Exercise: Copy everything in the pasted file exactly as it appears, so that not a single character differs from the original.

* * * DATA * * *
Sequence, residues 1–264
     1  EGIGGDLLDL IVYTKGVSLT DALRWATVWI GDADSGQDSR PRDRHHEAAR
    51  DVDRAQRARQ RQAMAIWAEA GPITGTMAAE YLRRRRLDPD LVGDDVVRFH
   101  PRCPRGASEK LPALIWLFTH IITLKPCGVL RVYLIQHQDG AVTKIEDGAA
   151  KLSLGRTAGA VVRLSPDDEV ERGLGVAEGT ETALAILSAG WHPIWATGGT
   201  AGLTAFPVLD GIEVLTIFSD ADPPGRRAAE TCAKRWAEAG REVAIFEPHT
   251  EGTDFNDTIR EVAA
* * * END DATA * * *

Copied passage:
Sequence, residues 1–264
     1  EGIGGDLLDL IVYTKGVSLT DALRWATVWI GDADSGQDSR PRDRHHEAAR
    51  DVDRAQRARQ RQAMAIWAEA GPITGTMAAE YLRRRRLDPD LVGDDVVRFH
   101  PRCPRGASEK LPALIWLFTH IITLKPCGVL RVYLIQHQDG AVTKIEDGAA
   151  KLSLGRTAGA VVRLSPDDEV ERGLGVAEGT ETALAILSAG WHPIWATGGT
   201  AGLTAFPVLD GIEVLTIFSD ADPPGRRAAE TCAKRWAEAG REVAIFEPHT
   251  EGTDFNDTIR EVAA